While clouded with controversy, some industry investments in Africa did play a role in controlling the disease burden, building infrastructure, and even contributed to policy development, in some cases. For example, as part of the Abbott Fund project, an HIV/AIDS wing was built at the Kilimanjaro Christian Medical College (KCMC) in Moshi, Tanzania. After completion in 2003, the beds were quickly filled with HIV/AIDS and tuberculosis patients requiring in-patient care, and over time, the availability of ARVs led to a significant decrease in HIV/AIDS-related hospitalizations in the district. Another example is a recently published impact analysis (BMC Public Health) of Boehringer Ingelheim's Viramune Donation Program, which from 2000-2013 provided free-of-cost the drug nevirapine in 34 Africa countries to mothers and their babies to prevent the transmission of HIV/AIDS. It found that availability of the drug at such a crucial time generated a positive cycle of community demand, which in turn encouraged the uptake of local comprehensive preventive mother to child HIV transmission services and fostered new partnerships with national and international organizations. The feedback helped create the political momentum to institutionalize these services through specific policy directives enforceable at the national level.

Africa arrives

Two decades later, Africa finds itself slowly emerging from the perils it once faced. The key driver is economic growth, which has raised living ­standards and consequently increased demand for health services. A 2011 report by the African Development Bank found that the ranks of Africa's middle class increased to 34 percent of the continent's population in 2010—nearly 313 million people, equivalent to the population of the United States. The continent's urban population is also projected to exceed that of China and India by 2050, according to UN figures. Along with greater political and fiscal stability and improvements in pro-business legislation, the UN forecasts that foreign direct investment (FDI) in Africa could more than double in 2014 compared to a decade ago.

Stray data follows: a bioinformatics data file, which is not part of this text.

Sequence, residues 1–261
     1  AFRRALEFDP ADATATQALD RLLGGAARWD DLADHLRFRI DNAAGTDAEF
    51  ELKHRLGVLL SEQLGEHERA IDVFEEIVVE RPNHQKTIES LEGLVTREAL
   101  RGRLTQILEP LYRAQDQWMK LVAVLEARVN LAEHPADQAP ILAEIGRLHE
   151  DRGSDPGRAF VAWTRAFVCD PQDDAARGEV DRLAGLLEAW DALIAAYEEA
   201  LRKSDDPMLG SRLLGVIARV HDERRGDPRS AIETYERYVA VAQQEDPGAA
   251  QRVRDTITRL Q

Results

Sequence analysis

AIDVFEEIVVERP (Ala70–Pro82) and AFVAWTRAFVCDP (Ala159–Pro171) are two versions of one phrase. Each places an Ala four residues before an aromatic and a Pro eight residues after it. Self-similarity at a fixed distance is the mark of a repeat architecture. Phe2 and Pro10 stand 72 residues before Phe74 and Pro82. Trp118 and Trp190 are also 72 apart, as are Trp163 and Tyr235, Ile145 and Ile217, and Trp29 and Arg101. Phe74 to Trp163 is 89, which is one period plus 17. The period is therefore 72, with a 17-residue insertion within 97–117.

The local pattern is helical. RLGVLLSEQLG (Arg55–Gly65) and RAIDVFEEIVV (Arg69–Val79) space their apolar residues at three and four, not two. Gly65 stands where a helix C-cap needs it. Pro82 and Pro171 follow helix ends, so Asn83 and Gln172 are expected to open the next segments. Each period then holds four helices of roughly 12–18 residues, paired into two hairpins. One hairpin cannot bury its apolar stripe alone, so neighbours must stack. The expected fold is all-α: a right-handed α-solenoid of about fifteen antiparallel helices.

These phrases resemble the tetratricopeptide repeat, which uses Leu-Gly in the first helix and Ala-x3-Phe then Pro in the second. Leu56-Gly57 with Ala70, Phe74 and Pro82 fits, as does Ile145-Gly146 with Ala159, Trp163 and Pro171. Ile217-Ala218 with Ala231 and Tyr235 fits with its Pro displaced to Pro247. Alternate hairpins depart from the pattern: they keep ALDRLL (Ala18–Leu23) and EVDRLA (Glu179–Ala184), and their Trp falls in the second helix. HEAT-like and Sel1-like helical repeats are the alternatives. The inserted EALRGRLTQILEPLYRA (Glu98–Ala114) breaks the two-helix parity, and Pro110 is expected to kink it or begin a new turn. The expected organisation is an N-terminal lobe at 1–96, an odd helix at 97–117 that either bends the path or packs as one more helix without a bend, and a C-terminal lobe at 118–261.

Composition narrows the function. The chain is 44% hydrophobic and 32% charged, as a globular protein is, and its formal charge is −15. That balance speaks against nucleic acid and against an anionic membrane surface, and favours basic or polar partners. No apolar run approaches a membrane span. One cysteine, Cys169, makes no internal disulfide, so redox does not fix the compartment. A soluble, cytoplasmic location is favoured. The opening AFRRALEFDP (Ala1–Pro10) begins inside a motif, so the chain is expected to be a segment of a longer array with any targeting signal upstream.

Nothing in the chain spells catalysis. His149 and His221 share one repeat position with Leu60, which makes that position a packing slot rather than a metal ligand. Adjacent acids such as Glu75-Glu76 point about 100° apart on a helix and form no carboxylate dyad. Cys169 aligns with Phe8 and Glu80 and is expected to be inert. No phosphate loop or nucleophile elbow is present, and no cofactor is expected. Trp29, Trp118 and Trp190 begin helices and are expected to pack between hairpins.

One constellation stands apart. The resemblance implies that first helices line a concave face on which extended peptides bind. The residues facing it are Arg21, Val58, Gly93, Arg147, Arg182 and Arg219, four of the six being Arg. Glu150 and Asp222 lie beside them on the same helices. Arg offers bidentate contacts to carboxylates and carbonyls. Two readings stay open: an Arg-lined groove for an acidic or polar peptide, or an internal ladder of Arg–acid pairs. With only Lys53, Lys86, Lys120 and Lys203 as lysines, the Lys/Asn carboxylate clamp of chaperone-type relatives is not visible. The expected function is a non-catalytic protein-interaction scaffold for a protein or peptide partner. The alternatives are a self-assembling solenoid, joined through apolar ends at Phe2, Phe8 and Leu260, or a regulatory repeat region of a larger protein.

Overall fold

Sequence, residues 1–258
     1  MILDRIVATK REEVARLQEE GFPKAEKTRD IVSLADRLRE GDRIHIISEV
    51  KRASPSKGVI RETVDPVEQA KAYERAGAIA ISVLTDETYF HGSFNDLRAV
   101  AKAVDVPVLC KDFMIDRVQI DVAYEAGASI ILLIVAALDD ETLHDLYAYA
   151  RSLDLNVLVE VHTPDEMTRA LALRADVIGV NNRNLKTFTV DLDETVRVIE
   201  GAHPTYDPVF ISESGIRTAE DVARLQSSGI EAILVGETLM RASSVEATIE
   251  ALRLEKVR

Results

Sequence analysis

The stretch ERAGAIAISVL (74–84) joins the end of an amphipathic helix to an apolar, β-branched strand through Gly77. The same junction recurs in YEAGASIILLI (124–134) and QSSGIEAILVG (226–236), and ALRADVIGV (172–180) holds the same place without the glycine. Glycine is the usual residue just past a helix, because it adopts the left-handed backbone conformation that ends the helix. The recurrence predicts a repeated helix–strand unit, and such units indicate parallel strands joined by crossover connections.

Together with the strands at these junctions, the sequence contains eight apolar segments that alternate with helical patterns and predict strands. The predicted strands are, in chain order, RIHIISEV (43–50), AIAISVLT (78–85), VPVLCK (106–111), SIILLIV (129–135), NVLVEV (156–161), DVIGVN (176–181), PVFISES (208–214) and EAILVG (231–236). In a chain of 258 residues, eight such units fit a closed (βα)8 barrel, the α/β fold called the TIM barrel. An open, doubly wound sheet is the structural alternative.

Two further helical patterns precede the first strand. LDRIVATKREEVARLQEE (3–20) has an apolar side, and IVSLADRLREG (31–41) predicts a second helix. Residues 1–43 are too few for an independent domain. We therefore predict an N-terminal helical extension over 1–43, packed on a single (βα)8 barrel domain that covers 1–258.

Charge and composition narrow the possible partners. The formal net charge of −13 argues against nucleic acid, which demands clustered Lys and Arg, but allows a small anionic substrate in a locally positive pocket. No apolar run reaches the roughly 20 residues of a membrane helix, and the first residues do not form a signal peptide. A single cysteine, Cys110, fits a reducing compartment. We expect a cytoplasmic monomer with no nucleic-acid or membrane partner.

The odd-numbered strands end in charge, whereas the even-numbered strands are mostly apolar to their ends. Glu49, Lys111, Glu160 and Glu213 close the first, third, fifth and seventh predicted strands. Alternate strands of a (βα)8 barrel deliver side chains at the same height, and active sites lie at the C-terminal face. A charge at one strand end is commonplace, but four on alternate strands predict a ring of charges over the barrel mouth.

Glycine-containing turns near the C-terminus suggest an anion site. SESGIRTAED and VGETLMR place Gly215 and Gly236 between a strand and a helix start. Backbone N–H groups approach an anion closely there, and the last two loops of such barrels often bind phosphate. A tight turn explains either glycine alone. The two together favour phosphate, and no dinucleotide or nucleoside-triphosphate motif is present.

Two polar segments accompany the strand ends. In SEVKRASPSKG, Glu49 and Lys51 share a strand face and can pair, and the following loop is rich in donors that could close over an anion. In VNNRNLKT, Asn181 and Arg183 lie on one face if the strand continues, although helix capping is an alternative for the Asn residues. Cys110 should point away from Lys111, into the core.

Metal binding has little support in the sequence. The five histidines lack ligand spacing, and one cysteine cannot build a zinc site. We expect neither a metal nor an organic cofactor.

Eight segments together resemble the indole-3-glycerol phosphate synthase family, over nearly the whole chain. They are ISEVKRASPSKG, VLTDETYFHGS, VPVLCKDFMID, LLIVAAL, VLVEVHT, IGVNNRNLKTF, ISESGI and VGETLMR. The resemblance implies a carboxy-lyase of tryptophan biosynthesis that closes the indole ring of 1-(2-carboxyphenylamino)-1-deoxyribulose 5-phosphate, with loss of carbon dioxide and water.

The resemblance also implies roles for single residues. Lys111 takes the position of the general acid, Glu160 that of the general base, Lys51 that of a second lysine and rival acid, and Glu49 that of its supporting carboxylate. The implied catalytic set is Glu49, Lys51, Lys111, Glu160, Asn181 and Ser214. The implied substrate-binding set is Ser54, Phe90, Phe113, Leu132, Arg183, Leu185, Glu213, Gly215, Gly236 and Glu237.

Since 2000, healthcare spending has grown at a CAGR of 9.6 percent due to government, NGO, and private sector investments in system infrastructure, capacity building, treatment provisions, and specialized services. While infectious diseases like HIV/AIDS and tuberculosis still remain a significant problem, the changing economic profile of Africa has led to an increase in non-communicable diseases (NCDs), such as cardiovascular and respiratory disorders, cancer, and diabetes, and as a result, a growing demand for chronic care drugs. The World Health Organization (WHO) estimates that by 2020, the biggest increases in NCD deaths will occur in Africa.

This observation by a leading local health practitioner is telling. "In 2003, the beds in our new HIV/AIDS wing at KCMC were filled with HIV/AIDS patients whose disease was not under control. Since the introduction of affordable anti-retrovirals that ­decreased the disease burden, those beds are now filled with diabetes patients," Mark Swai, MD, former Hospital Director of KCMC, told Pharm Exec.

Increasing individual wealth, a somewhat stronger health system infrastructure, and rising demand for drugs treating chronic diseases are driving up sales of pharmaceuticals. By 2016, annual pharmaceutical spending in Africa is expected to reach $30 billion—surpassing the United Kingdom.

But how different is the Africa of today when it comes to healthcare ­provisions?